Robinson honored for helping disadvantaged high-school students

He won ASBMB's Kirschstein Diversity in Science Award
Rajendrani Mukhopadhyay
April 1, 2017

Douglas N. Robinson, professor of cell biology at the Johns Hopkins University School of Medicine, won the 2017 Ruth Kirschstein Diversity in Science Award for developing the Summer Academic Research Experience program. The SARE program helps disadvantaged teenagers in inner-city Baltimore get experience in biomedical research as well as academic tutoring. The American Society for Biochemistry and Molecular Biology’s Minority Affairs Committee selects the winners of this award.

Douglas N. Robinson
“Science provides innovative solutions for health, environmental and technological challenges. Often overlooked is that science can and should provide career opportunities to everyone, regardless of their socioeconomic background. Dr. Kirschstein paved the way opening doors for all through science. I am deeply honored to be recognized by this award.”
– Douglas N. Robinson

Named after Ruth L. Kirschstein of the National Institutes of Health, the award honors outstanding scientists who are committed to helping underrepresented minorities enter the scientific enterprise and thrive within it. Kirschstein was renowned for science and public service. After working on the polio vaccine, Kirschstein became the first woman to direct an NIH institute, the National Institute of General Medical Sciences. Later, she served as deputy director and acting director of the NIH. Kirschstein was an advocate for training, particularly for underrepresented minorities.

Robinson studies how different cells take on their distinctive shapes. By understanding the fundamental principles that underlie cell morphology, Robinson’s team aims to parse out how cell shape influences diseases such as pancreatic cancer, chronic obstructive pulmonary disease and degenerative motor neuron diseases.

But Robinson and his team also work to bring people into the laboratory who otherwise wouldn’t have the privilege of doing research. About 34 percent of children in Baltimore grow up in poverty, which is almost three times higher than the national average. Robinson developed SARE nine years ago as a way for promising but disadvantaged students to get trained in academic and professional skills as well as to build a network of mentors.

Robinson got the inspiration for SARE when he and his wife, Lisa Naeger, began taking Sunday dinners to the Boys Hope house. The house, and the subsequent Girls Hope house, are supported by the Boys Hope Girls Hope organization, which provides at-risk children with homes, education, and financial and emotional support. At the dinners, Robinson and Naeger heard the teenagers express interest in research. After bringing two teenagers into his laboratory, Robinson’s group decided to formalize the opportunity in the form of SARE.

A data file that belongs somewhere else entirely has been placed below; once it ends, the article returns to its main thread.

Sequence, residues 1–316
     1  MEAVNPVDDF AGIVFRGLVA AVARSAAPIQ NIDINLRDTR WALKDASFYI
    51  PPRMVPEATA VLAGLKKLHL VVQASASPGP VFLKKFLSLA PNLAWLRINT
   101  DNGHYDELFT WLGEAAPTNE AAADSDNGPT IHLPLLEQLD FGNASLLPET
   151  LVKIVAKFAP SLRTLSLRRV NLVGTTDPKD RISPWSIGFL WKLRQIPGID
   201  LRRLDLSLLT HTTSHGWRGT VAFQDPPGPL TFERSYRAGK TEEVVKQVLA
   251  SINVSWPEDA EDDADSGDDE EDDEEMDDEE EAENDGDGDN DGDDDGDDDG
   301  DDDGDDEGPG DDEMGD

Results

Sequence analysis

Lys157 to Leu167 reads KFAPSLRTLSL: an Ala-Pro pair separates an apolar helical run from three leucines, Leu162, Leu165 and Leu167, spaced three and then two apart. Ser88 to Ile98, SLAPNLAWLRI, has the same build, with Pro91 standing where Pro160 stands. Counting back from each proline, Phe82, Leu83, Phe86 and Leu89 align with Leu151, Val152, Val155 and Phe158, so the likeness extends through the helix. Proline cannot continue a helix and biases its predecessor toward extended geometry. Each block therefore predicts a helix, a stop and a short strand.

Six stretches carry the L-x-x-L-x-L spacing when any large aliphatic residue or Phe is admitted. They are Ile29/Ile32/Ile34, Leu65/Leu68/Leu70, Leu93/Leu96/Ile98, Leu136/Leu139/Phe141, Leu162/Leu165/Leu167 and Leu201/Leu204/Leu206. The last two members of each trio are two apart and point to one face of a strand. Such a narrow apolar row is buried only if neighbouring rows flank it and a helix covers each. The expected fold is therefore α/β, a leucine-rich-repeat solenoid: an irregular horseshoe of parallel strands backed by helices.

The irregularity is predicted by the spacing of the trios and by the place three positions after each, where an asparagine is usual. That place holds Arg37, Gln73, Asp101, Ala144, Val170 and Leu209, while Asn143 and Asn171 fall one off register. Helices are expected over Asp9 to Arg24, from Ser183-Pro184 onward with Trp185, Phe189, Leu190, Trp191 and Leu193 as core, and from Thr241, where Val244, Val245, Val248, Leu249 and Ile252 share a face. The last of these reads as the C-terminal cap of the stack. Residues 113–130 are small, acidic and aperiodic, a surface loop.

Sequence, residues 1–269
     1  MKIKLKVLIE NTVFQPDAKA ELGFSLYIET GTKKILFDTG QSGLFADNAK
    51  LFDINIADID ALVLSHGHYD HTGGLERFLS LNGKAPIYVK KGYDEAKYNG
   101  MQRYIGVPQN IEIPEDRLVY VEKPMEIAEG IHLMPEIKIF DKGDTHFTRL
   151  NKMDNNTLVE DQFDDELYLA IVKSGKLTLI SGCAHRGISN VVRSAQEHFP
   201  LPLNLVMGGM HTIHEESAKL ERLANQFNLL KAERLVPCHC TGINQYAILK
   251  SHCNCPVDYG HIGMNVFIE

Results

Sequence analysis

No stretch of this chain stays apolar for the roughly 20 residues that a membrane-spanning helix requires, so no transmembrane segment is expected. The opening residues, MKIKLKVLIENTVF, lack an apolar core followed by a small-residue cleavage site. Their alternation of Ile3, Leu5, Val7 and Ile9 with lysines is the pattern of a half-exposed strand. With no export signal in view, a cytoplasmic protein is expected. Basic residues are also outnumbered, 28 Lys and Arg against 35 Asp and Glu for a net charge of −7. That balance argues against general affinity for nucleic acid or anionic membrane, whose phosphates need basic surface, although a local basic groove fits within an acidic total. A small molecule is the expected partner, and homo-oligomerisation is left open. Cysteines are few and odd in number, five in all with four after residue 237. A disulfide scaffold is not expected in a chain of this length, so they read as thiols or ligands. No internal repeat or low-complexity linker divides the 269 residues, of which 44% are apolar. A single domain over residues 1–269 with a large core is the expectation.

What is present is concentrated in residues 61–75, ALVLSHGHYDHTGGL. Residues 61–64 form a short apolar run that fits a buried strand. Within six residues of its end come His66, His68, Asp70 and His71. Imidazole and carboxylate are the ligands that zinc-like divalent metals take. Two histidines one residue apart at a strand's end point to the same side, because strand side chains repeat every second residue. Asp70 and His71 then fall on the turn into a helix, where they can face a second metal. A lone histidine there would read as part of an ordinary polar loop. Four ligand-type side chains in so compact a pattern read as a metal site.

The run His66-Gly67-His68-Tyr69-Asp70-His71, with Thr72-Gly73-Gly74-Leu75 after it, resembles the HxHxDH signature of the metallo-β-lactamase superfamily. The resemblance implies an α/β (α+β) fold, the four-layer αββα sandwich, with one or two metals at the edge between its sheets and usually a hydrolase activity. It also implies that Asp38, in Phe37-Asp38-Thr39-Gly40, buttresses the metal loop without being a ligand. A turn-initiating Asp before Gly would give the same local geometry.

Of the 37 scholars who have come through SARE to date, 23 have reached college age and matriculated into four-year colleges with partial or full scholarships. Half of the students have chosen science, engineering, math or health-related majors.

Peter Devreotes, the director of the department of cell biology at Hopkins, explained in his nomination letter that Robinson won a Health Career Opportunity Program grant through the Health Resources and Services Administration to expand the scope of SARE to the greater Baltimore area as well as the rest of the country. In the expanded format, the program also now serves disadvantaged undergraduates and postbaccalaureate students.

In his letter supporting Robinson’s nomination, Bill Bement at the University of Wisconsin–Madison wrote, “Doug Robinson is one of an incredibly rare group: full-time researchers who nevertheless make major education contributions well beyond the expectations that come with a faculty position.” Bement closed his letter by saying that Robinson was “an ideal candidate” for the award.

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Rajendrani Mukhopadhyay

Rajendrani Mukhopadhyay is the former managing editor of ASBMB Today.

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